In response to Tamara Barnes’ Aug. 2 letter addressing me personally: Every day in the U.S., tens of thousands of puppies and kittens are born. Compare this to the nearly 11,000 human births each day, and it’s clear that there can never be enough homes for all these animals. Shelters are stuck with the heartrending job of dealing with animals nobody wants. Those who refuse to spay and neuter their animals, who abandon animals when they grow tired of them and who patronize pet shops instead of adopting stray or shelter animals make euthanasia a tragic necessity.

Curtis Taylor, Eugene



As most readers are aware, Greenhill Humane Society took over kennel and adoption operations from Lane County Animal Services (LCAS) on July 1. The shelter is in the former LCAS site and has been renamed the 1st Avenue Shelter.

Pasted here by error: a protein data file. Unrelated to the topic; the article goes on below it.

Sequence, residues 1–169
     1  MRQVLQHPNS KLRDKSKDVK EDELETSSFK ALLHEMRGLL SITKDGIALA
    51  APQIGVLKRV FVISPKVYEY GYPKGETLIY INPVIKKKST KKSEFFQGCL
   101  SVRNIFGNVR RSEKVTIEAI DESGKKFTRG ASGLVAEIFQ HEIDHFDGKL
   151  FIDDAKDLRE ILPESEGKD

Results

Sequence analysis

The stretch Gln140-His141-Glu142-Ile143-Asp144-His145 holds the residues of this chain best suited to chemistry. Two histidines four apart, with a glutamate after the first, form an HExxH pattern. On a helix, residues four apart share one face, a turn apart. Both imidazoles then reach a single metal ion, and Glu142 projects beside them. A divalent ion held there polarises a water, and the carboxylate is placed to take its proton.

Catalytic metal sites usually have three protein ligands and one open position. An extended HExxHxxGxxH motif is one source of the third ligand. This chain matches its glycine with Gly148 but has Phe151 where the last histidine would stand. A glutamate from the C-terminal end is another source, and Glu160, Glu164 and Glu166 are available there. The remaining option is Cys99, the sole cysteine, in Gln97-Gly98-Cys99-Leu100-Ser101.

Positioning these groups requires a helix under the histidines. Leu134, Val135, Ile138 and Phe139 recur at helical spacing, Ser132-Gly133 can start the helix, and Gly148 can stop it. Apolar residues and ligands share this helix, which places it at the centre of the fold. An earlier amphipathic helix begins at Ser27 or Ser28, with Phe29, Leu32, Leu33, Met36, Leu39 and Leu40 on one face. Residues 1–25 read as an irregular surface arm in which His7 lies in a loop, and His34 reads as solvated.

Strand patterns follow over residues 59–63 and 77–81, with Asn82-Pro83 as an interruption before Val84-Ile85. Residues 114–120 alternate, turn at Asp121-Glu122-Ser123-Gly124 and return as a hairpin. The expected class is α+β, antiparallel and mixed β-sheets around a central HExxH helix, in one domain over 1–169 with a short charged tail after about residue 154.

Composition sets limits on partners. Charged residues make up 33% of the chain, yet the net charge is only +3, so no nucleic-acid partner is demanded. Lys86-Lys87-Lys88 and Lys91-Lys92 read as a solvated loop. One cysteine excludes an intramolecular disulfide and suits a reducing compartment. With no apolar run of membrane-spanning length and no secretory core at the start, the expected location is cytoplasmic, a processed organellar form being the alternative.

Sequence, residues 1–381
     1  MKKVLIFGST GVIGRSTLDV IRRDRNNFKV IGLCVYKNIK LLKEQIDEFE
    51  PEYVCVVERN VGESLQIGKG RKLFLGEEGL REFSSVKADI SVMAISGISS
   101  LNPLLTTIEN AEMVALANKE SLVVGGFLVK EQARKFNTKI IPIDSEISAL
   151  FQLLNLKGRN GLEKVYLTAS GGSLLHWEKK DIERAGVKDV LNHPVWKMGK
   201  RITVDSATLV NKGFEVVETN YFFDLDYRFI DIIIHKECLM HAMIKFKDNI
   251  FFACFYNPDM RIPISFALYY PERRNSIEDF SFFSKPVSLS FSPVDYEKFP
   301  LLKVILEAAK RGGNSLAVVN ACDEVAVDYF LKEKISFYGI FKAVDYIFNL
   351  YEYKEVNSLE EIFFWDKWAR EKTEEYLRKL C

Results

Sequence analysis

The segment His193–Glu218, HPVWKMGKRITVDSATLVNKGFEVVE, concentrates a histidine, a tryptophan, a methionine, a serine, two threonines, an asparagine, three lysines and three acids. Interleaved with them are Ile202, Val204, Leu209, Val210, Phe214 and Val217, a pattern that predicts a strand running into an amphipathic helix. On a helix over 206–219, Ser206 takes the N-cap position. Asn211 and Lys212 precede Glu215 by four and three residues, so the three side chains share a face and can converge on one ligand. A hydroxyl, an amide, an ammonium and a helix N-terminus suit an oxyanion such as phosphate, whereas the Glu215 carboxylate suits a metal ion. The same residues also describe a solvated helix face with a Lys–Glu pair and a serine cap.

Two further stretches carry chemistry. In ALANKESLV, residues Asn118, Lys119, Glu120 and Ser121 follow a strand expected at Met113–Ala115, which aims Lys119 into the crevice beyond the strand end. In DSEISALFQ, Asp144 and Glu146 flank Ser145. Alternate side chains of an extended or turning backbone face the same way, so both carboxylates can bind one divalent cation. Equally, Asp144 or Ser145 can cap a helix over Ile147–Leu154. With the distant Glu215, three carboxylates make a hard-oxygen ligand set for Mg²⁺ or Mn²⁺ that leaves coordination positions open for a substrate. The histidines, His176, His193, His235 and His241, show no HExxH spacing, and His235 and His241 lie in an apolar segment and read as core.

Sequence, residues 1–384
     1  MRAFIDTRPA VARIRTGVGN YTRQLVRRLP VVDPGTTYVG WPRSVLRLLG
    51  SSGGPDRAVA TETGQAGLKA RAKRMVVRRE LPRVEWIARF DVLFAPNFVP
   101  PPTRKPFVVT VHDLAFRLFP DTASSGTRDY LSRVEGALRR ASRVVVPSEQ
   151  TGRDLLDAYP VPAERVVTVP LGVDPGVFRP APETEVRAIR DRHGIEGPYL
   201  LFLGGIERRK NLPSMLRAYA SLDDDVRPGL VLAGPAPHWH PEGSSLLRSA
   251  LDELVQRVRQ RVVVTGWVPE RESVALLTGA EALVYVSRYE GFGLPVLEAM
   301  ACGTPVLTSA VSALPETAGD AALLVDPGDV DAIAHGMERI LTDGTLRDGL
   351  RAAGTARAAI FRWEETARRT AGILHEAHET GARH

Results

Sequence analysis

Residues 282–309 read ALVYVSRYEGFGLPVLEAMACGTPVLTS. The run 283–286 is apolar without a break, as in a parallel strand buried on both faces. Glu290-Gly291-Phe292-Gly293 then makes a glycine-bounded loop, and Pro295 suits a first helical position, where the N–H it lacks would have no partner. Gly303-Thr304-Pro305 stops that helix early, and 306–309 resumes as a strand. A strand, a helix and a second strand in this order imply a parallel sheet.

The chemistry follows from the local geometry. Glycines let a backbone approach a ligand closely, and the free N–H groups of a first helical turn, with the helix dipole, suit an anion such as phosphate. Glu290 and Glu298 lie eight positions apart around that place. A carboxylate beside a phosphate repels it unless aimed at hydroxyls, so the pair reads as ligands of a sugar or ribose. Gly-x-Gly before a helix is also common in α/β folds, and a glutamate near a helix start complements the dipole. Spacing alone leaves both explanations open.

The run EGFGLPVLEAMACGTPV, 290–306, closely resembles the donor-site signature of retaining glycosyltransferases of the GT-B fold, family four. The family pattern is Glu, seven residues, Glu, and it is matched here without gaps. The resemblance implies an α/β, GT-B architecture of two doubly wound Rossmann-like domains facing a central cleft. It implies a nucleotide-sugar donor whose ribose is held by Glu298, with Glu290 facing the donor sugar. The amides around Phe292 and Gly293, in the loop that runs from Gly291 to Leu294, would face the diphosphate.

I began volunteering at LCAS as a dog walker last year, and have continued to volunteer several days a week through the Greenhill transition. LCAS volunteer retention through the transition has been low and Greenhill volunteers have not come to 1st Avenue in the hoped-for numbers.

This letter is an open call — a desperate plea, really — for former LCAS volunteers to return to, and Greenhill volunteers to come to, 1st Avenue. I also encourage anyone who cares about companion animals to volunteer.

The situation is most desperate for the 1st Avenue dogs that are often confined to kennels for 17-plus hour stretches, depending on availability of staff and volunteers. For older/house-trained dogs, this is particularly troubling, as a lack of regular potty breaks can cause physical and psychological problems including urinary tract infections, house-training reversal and anxiety.

Volunteer dog walkers make a real difference in shelter dogs’ lives, all the while reaping their own health benefits of fresh air, exercise and fun!